19 Iti a y d m b a k isA k a t e - n g A .
hair head top B E-HAB
Hair is on heads.

19a *Iti ayomba kisa p e t e - n g e .

19b *Iti ayomba kisa

20 Namba aputingi pete-ng6.

I g r a n d m o t h e r B E-HAB
I have a g r a n d m o t h e r .

20a *Namba aputingi k ate-nge.

20b *Namba aputingi


21 AkAli pitak^ m6na pale-nge.

men all heart BE-HAB
Men have hearts.

21a *Akali p i t a k a mona l y : -ngi.

21b * A kali p i t a k a mona

22 AkAli nambi-sa ka-ly-A-mo dAko ...

man coast-LOC B E -P R E S -3SG-AUG the
The man who is on the coast ...

22a * Akali nambi-sa pi-ly-a-mo doko . ..

22b *A k a l i nambi-sa doko ...

In all of the above examples (16-22) the EV is o b l i g a t o r y

in the surface structure; this is in direct contrast to other
constructions (of s i m i l a r meaning) in w h i c h the EV m u s t NOT
appear in the surface (or is very awkward if it does appear) .
These constructions are t hose involving a particular item
(i.e.,as opposed to a g e n e r i c noun as in (18) a b o v e ) , and the
identity (23), class membership (24) or class inclusion of
the item (25); and also those constructions which attribute
qualities (26).

23 D Ake menA.
that p ig
That is a pig.
23a ‘*Dake mena kate-nge.

24 Änga baA itA mAndA.

pandanus it tree a
The pandanus is a tree.

24a *Anga baa ita m e n d e kate- n g e .

25 PongAnA dupa n A n e .
fly the insect
Flies are insects.
25a *Pongena dupa nene pete-nge.

26 BaA Anda nongA pi-pae mAndA.

she woman clumsy d o - S T A a
She is a clumsy woman.
26a *Baa enda nongo pi-pae mende pete-nge.

Thus, we m u s t note t hat in cases involving the p r e d i c a t i v e

use of 'be', the EV is not obligatory in the surface structure.
This will be discussed in relation to the positions for the
presence or abscence of the EV as BE in the deep structure (2.3)

And, it should also be noted that those cases in which the

EV is obligatory in the surface structure correspond to the
existential, locative and possessive constructions as
descr ibe d by Lyons (1967, 1968). Lyons's hypothesis is that
both the existential and possessive derive from locatives
(" many, and perhaps in all, languages existential and
po sse ssi ve constructions derive (both synchro ni cal ly and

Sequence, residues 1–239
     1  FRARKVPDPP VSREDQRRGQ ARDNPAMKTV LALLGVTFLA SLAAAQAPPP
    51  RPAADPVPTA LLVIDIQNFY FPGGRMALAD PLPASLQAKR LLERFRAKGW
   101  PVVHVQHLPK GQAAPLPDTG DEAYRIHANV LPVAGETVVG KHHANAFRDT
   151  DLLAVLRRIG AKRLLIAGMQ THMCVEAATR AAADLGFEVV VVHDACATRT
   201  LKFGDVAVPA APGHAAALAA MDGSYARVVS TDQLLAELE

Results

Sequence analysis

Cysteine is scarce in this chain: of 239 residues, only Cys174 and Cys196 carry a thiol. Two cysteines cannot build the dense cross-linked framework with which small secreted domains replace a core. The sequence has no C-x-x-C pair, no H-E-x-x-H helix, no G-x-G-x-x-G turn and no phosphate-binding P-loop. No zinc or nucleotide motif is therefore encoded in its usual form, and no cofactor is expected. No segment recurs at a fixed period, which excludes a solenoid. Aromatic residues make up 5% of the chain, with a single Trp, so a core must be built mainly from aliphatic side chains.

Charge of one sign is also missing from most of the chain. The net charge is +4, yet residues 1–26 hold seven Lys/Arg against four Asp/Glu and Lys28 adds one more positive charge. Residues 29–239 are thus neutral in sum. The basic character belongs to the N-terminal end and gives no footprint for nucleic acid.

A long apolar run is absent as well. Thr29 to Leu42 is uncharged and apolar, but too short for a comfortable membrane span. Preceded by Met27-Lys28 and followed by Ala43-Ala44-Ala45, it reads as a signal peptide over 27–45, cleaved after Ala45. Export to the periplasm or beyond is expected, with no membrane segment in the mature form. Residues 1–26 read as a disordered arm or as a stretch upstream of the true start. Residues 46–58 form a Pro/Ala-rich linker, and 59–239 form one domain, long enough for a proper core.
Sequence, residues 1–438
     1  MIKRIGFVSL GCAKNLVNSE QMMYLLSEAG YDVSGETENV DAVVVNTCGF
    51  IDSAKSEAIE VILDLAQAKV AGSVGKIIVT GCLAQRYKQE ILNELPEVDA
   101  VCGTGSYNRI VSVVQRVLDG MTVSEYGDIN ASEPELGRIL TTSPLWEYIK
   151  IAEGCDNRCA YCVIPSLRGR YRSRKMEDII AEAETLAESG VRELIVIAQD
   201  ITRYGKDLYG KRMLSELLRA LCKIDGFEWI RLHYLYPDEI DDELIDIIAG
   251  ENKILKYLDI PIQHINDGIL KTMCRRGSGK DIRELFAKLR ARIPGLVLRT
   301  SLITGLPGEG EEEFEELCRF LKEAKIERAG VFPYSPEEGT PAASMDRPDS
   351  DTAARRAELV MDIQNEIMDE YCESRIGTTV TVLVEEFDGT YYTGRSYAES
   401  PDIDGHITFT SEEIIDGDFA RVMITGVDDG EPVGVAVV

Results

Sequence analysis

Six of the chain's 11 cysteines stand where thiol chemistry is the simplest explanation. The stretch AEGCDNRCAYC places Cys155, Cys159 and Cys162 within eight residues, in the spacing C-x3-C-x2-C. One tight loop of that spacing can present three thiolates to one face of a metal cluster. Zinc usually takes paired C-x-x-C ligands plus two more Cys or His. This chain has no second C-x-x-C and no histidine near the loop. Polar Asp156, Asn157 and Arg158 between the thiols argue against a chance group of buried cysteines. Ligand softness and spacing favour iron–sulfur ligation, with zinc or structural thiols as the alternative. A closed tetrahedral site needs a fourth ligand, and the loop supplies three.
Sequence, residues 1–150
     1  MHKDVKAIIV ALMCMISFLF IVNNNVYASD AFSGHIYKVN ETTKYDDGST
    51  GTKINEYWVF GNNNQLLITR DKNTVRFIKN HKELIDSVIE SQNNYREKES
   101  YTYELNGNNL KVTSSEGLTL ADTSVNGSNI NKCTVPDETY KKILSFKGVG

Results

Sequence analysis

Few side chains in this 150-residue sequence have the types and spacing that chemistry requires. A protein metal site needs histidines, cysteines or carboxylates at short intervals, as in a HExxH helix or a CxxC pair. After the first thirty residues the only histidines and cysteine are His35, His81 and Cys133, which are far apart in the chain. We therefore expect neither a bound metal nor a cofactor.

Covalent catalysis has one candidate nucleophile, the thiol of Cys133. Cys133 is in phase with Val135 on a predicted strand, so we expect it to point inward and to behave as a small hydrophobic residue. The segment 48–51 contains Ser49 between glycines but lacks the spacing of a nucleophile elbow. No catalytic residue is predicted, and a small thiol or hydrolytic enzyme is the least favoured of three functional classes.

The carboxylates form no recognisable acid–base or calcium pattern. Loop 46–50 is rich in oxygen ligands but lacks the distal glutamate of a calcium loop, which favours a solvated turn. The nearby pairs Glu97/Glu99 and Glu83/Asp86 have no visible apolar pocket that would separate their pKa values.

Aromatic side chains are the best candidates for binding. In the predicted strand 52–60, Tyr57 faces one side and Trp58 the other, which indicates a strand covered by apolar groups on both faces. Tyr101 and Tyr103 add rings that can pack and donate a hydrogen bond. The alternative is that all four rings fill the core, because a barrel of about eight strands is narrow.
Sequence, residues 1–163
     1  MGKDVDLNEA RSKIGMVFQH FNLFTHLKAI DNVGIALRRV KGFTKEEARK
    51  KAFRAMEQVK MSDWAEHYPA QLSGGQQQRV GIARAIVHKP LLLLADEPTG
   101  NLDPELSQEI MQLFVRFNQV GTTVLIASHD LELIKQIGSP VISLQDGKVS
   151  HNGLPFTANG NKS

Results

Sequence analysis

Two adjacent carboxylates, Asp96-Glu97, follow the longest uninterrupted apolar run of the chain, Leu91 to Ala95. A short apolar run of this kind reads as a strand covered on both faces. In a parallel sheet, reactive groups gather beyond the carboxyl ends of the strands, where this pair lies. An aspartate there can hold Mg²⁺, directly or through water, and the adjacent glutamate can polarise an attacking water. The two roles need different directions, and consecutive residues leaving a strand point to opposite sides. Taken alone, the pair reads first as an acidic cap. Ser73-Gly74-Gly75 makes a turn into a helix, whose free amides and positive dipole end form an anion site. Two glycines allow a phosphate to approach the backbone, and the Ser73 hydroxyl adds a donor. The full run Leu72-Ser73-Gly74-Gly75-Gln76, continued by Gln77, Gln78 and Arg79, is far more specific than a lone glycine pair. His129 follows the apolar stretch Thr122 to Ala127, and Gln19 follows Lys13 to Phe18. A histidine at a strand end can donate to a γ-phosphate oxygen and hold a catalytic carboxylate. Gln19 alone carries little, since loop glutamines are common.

d i a c h r o n i c a l l y ) from locatives" (1967:390)). Lyons notes
two additional points, firstly that

existential sentences typically have an indefinite,

rather than a definite, subject: this fact raises
the possibility that they should be treated, in a
syntactic analysis of their deep structure, as
indefinite locatives (with 'locative', in this context,
being understood to include 't e m p o r a l ' . . . (1968:390) .

Lyons secondly points out that this connection is supported

by the employment of what was or ig inally a l o c a t i v e . ..

adverb in the existential sentences of a number of
European languages: cf. English 'there (in 'there
is/are ..),.. .German 'da' (in 'ist da', 'is there'
or 'exists': cf. 'das Dasein', 'existence', i.e.
'the b e i n g - t h e r e ') (1968:390).

Additional support for Lyons's first point has recently

been pr es en ted by Hetzron with evidence for Hungarian that
the copula is generated for all definite nouns
(and not
generated for indefinite nouns and noun phrases).
Regarding Lyons's second point (the locative adverb
'there'), Laiapo Enga offers two verbs of interest: a_e^- and
d a e -. The formation of a e - is most likely from the
locative adverb a 6 - 'here' used as the verb base plus the
tense , and perso n - n u m b e r suffixes

27 M4 nd4 a e - ly-4-mo.
a h e r e -P RE S-3SG-AUG
There is some (here).


28 M4 nd4 dae-ly-4-mo.
a not-here-P RE S-3SG-AUG
There is not any (here).

The d a e - is most likely from the negative adverb d a 4 'not'

plus the locative adverb a_4_ 'here' , plus the verbal suffix(es) .
It must be noted that these two verbs, a4 nge and da4nge
are not EV, since they do not indicate existence: